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Global protests target Burma pipeline

Activists across the globe today held coordinated protests against the Chinese-led Shwe Gas project in Burma, which they claim has led to widespread displacement, human rights abuses and environmental degradation.

Protesters in 20 countries rallied outside the embassies of China, Burma, India and South Korea, whose companies are major investors in the project, and handed over letters calling for the suspension of activities pending the resolution of social and environmental concerns.

The highly lucrative venture that begins off the Arakan coast in western Burma has led to the confiscation of thousands of acres of land across the breadth of Burma in order to create a “security corridor” adjacent to the pipeline. The livelihoods of local fishermen in Arakan state’s Kyaukphyu, where a port is being built, have also been destroyed as a direct consequence of the offshore infrastructure developments, say campaigners.

“Militarisation has been heightened along the pipeline corridor, causing internal displacement and sparking new resentment against the Shwe Gas Project and other natural resource exploitation projects like it,” the campaign group Shwe Gas Movement said in an open letter to President Thein Sein.

The project will be Burma’s largest ever gas development, with total revenues expected to reach $US29 billion over 30 years. But activists warn that none of the proceeds will reach local communities.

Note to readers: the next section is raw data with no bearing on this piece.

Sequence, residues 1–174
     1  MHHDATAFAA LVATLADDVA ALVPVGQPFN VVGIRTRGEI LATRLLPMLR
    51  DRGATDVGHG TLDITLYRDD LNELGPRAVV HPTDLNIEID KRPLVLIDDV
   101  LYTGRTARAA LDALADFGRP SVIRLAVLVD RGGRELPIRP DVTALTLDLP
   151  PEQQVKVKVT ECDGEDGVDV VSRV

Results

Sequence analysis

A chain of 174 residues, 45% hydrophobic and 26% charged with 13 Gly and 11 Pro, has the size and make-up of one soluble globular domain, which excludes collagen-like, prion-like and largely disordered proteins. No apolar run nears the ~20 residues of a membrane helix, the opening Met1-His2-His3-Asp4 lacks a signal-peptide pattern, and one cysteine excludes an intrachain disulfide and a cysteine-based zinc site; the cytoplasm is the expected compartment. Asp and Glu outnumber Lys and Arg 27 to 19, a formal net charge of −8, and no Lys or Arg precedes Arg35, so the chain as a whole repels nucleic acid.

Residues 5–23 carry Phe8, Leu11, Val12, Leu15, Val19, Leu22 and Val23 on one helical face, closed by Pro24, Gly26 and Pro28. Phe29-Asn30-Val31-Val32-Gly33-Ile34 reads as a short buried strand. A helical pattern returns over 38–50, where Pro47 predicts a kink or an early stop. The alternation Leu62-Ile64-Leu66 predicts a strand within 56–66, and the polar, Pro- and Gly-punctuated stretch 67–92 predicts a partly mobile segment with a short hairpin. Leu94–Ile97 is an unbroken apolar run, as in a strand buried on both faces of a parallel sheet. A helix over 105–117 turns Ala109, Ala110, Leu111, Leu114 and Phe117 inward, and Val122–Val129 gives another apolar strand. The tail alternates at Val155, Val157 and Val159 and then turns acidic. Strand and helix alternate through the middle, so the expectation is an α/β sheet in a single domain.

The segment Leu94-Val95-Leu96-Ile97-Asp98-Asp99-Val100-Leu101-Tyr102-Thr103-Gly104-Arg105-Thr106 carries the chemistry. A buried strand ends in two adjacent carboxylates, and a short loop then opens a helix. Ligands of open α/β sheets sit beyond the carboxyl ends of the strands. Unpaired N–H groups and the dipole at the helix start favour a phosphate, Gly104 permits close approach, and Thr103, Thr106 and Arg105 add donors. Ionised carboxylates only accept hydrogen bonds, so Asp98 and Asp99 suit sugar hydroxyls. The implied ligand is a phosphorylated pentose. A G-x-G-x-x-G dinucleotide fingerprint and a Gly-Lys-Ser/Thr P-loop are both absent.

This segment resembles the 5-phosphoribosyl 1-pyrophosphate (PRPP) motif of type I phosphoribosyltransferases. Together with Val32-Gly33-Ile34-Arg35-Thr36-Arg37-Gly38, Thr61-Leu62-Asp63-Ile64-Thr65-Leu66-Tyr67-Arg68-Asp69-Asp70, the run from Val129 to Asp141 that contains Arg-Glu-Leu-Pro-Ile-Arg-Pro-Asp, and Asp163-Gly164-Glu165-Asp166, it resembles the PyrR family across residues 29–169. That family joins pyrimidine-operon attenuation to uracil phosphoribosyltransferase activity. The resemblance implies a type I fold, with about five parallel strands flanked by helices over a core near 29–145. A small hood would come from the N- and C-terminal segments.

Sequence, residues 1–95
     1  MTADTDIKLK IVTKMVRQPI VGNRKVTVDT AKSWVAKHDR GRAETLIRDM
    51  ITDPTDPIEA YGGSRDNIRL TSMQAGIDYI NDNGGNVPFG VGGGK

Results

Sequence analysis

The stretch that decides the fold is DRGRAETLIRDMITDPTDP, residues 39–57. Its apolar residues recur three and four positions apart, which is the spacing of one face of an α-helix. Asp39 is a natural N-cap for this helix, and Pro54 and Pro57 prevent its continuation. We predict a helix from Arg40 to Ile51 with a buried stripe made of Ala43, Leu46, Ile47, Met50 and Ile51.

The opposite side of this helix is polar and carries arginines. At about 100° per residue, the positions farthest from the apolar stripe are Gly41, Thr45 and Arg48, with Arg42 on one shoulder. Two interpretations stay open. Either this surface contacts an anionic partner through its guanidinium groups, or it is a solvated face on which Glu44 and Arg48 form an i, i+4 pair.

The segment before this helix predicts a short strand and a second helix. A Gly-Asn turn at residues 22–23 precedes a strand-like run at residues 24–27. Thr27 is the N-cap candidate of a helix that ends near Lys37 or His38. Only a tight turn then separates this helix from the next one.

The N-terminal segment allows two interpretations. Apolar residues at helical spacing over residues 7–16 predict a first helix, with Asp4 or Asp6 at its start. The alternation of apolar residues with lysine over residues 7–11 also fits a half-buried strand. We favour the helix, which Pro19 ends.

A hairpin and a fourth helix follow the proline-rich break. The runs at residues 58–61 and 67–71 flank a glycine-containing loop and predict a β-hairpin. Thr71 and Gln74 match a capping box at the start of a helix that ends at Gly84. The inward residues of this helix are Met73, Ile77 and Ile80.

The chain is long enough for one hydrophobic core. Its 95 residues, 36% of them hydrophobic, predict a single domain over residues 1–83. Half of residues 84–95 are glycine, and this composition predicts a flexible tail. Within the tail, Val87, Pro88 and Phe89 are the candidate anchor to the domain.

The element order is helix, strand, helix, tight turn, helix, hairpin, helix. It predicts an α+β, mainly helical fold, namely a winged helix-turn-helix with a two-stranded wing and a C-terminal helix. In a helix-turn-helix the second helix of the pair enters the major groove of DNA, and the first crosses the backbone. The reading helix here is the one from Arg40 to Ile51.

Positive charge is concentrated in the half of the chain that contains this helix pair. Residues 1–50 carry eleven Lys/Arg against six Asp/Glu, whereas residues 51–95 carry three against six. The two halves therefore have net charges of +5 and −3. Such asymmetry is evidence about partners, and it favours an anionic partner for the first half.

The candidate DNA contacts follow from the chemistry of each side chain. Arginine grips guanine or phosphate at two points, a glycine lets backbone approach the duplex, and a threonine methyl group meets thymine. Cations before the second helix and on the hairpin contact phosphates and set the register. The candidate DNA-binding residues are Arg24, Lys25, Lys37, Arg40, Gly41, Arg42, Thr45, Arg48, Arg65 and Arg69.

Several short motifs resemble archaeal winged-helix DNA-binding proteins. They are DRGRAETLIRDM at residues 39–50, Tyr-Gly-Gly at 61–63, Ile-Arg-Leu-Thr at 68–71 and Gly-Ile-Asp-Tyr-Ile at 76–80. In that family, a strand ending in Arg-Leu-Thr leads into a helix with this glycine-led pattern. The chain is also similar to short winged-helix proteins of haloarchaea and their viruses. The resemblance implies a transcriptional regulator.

“Under the current unaccountable structure, gas monies from the project will only feed corruption and not benefit the people,” said Wong Aung from the Shwe Gas Movement.

The group is calling for sustainable natural resource development, which can simultaneously secure the country’s energy needs while respecting the rights of locals through a process of free, prior and informed consent.

“We believe that Burma’s natural resources have the potential to spur the national economy without harming local communities.”

The gas will be extracted from offshore blocs in the Bay of Bengal and exported directly to China, but locals are demanding a 24-hour supply of electricity from the new power source. Seventy-five percent of the Burmese population are still unable to access to the national electricity grid.

Compensation has been given by the government to farmers in northern Shan state whose land was confiscated for the pipeline, but locals in Namkham township have complained that less than half of the $15,900 allotted for each acre of land has so far been awarded.

In September last year, President Thein Sein suspended the development of the controversial Myitsone Dam project, in a move that has been welcomed by campaigners. More recently, the government withdrew plans for a coal-fired power plant in Tavoy after intense pushback from civil society groups.

Sustainable resource development continues to be one of the key challenges for Burma in its transition from a military state to a democratic union. Its vast gas and mineral wealth has the potential to lift the poor nation out of poverty, but remains largely controlled by the military.

Since Thein Sein came into office last year, reports of forced evictions and land grabbing for resource development projects have continued unabated. Critics even suggest these could increase in the wake of ceasefires being signed with ethnic minority rebels in resource rich areas like Karen state, which are being eyed by investors keen to exploit energy reserves.


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